JLR raises its profile in electric vehicle manufacturing

With reduced barriers and a purpose-built facility, JLR will increase EV output from Halewood, offering an all-electric product range in the next few years

The UK-based OEM Jaguar Land Rover (JLR) is undoubtedly looking to reimagine success for its business and bring its employees on board with its sustainability strategy. 

Following a £15bn investment in global electrification, JLR is going all-electric at its Merseyside plant as part of its REIMAGINE sustainability strategy, which will see the company take major steps towards decarbonisation through its operations and the vehicles that it makes. 

The key focal point for REIMAGINE is to become net zero by 2039, which includes meeting the ICE sales deadline in 2030 and reducing the impact of its operational footprint, starting with the Halewood facility, Merseyside—its first ever EV-only production line. 

From 2025, JLR plans to be an all-electric brand as it sees growth in sales of its i-Pace model and anticipates the release of a battery-electric Ranger Rover. 

“I am proud to announce we are accelerating our electrification path making one of our UK plants and our next-generation medium-size luxury SUV architecture fully electric,” says Adrian Mardell, Chief Executive of Jaguar Land Rover

"This investment enables us to deliver our modern luxury electric future, developing new skills, and reaffirming our commitment to be net zero carbon by 2039."

Rising sales are partly a result of the recovering semiconductor supply, which is an integral component in enabling EVs to operate. Thanks to this relief, sales in Q4 2022 reached 94,649 units. Throughout the year, JLR’s sales were up 9%, amounting to 321,362 vehicles—reported in April 2023.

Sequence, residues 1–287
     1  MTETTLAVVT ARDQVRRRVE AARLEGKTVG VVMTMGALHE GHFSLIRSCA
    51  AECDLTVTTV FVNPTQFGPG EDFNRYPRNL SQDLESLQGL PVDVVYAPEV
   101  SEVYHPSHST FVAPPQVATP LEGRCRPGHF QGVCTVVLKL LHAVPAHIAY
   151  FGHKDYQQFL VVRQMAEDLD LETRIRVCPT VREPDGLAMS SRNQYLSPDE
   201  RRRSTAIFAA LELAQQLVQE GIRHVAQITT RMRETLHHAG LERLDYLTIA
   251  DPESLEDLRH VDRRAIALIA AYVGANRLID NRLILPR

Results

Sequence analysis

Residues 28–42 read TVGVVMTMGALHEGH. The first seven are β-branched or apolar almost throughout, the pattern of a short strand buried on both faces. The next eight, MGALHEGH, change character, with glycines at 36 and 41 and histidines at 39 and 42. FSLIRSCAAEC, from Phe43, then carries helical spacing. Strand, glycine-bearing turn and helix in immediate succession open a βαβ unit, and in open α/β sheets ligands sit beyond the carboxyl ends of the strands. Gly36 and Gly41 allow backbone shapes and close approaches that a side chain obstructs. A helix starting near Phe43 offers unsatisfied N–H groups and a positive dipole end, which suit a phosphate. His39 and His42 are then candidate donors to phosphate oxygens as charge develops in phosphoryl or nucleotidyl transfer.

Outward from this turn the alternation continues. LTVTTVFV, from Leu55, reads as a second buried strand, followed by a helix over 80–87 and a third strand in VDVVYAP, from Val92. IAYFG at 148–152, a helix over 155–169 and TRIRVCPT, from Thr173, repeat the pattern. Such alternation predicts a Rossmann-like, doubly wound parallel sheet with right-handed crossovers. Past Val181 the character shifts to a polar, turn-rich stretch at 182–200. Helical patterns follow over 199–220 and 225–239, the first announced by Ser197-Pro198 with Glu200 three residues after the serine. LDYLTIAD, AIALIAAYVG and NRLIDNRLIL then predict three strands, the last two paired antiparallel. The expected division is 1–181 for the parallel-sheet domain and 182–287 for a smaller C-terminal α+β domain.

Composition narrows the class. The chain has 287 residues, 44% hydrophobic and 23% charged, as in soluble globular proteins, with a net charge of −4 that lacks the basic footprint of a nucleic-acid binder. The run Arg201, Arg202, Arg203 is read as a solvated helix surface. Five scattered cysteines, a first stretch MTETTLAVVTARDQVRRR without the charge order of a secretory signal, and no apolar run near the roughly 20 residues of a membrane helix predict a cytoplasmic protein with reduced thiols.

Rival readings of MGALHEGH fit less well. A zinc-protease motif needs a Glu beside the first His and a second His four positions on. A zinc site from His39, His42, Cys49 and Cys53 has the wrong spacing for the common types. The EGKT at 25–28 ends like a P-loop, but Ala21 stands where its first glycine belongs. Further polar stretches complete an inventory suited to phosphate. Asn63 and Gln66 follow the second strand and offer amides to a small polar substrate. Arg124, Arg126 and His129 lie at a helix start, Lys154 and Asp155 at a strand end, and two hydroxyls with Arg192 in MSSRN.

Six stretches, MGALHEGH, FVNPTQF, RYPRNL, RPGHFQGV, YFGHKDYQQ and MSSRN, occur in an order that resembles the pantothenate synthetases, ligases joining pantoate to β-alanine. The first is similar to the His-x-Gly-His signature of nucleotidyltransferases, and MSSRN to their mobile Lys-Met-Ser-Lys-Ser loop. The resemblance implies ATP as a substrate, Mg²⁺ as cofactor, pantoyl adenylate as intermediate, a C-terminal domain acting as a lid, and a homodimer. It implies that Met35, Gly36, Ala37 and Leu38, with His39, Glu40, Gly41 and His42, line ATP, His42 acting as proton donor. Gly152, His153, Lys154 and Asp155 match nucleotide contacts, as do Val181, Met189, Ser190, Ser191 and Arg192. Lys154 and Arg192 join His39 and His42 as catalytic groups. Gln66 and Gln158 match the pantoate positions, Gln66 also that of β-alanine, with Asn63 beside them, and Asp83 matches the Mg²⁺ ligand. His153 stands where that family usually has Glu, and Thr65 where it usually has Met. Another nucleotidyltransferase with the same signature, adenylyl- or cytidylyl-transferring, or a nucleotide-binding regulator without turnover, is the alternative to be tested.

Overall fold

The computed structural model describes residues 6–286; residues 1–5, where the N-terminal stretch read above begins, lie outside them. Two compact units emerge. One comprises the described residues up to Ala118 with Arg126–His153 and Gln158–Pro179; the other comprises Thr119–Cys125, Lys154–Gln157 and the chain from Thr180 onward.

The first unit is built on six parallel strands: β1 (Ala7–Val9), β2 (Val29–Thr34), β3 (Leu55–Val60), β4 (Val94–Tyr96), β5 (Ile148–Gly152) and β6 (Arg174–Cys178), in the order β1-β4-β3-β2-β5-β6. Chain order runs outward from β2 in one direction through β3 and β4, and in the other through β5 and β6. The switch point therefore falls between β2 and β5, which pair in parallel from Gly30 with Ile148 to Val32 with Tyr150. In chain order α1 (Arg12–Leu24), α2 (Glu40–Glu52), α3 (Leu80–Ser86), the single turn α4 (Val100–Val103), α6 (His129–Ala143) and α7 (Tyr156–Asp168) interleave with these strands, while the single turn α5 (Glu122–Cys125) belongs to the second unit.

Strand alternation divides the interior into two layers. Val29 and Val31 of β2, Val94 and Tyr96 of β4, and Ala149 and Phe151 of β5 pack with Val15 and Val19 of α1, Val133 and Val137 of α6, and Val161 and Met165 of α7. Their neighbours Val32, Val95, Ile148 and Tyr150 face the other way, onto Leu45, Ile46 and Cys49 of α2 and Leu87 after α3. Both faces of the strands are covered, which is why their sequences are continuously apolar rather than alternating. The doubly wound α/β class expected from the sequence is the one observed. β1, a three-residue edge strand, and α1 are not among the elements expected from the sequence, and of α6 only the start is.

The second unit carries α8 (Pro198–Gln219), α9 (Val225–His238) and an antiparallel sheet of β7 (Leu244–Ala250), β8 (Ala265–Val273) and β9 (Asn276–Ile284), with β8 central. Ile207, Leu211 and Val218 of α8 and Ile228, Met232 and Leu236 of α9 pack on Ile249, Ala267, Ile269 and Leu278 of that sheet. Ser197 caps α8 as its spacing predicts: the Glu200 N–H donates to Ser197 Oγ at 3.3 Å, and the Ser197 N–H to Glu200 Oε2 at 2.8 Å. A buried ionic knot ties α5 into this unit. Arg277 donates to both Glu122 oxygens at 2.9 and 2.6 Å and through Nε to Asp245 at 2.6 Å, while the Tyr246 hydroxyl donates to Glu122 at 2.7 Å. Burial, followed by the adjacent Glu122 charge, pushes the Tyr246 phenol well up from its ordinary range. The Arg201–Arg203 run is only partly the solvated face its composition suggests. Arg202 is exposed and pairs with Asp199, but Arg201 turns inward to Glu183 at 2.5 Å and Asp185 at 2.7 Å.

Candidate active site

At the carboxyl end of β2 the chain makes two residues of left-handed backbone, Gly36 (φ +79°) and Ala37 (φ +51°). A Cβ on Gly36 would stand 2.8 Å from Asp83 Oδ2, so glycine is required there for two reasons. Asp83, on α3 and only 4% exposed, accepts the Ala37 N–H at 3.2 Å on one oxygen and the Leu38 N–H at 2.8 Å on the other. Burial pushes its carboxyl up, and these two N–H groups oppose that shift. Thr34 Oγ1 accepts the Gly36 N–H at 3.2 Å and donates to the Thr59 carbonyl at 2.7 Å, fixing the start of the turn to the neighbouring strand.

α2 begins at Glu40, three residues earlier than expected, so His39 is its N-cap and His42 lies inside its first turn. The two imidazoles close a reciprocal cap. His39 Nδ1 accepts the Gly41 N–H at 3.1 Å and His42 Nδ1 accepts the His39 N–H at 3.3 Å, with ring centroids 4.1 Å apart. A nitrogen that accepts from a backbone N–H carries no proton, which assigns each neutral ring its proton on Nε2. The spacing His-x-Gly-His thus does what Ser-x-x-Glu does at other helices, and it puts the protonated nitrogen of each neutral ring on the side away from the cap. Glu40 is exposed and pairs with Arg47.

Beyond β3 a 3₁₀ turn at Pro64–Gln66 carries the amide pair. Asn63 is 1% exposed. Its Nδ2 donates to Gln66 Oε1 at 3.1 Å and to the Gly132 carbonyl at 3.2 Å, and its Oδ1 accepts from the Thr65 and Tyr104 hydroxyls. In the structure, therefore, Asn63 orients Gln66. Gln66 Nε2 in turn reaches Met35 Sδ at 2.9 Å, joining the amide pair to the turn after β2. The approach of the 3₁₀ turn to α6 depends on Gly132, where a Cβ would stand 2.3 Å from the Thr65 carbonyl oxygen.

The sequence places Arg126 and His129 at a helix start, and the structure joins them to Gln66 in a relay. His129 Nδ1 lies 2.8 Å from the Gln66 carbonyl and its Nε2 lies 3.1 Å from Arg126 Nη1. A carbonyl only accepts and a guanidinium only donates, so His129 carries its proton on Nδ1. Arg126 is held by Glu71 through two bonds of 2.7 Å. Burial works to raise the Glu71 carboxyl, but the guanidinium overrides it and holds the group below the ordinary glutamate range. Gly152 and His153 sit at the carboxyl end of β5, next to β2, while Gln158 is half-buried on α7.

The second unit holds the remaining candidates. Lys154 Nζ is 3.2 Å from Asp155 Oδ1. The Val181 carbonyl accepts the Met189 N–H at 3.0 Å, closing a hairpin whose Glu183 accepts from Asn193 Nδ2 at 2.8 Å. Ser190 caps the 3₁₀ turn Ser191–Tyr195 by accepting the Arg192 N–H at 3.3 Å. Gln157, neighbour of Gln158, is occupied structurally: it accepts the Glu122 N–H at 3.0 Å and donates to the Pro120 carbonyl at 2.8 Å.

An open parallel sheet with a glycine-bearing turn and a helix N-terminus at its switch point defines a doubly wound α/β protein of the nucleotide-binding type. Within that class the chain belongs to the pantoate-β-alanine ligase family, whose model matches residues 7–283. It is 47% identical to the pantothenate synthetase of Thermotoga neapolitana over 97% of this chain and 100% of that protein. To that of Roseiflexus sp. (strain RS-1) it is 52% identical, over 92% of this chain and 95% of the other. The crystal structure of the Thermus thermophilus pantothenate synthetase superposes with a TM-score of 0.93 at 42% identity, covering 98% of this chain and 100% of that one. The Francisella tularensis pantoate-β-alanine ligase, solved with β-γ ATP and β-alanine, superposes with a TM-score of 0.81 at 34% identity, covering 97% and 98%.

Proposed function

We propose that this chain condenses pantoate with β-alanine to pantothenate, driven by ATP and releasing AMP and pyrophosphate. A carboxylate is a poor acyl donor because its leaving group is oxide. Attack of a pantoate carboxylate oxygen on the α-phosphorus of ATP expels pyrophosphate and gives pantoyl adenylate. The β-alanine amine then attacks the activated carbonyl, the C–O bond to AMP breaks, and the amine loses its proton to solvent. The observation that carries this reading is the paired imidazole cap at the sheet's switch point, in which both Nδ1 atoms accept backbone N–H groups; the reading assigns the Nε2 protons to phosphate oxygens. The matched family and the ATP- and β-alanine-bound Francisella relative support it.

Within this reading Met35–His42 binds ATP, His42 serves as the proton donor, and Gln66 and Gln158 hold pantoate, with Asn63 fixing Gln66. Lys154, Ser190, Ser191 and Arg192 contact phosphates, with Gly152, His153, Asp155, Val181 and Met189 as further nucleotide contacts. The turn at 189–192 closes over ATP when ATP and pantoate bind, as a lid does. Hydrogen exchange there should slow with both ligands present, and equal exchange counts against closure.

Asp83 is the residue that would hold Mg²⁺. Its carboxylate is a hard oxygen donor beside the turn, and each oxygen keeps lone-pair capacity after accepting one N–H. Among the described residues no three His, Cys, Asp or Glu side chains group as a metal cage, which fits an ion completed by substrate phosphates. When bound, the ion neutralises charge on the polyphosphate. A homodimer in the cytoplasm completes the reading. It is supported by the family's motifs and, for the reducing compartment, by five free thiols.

According to the local council of Halewood: "It is fantastic, not only for the thousands of local people currently employed by JLR in Halewood, but it also means countless opportunities for the workforce of the future.”

Aside from its production plant at Halewood, JLR is turning its Wolverhampton into a hub for EV motor assembly, which will be renamed the company’s Electric Propulsion Manufacturing Centre. This is where the company will develop its electric drive components and batteries for upcoming vehicles in the electric JLR product range.

Removing the chip shortage barrier

The global chip shortage is one of the major barriers faced by all automotive manufacturers, but the relief is coming as companies expect it to be over by the end of the year. By 2024, businesses could receive a more consistent flow of semiconductor chips to enable higher output of EVs at lower costs

With this issue out of the way, the main focus for the industry will be power—producing cost-effective, reliable batteries to sustain vehicles in the future.


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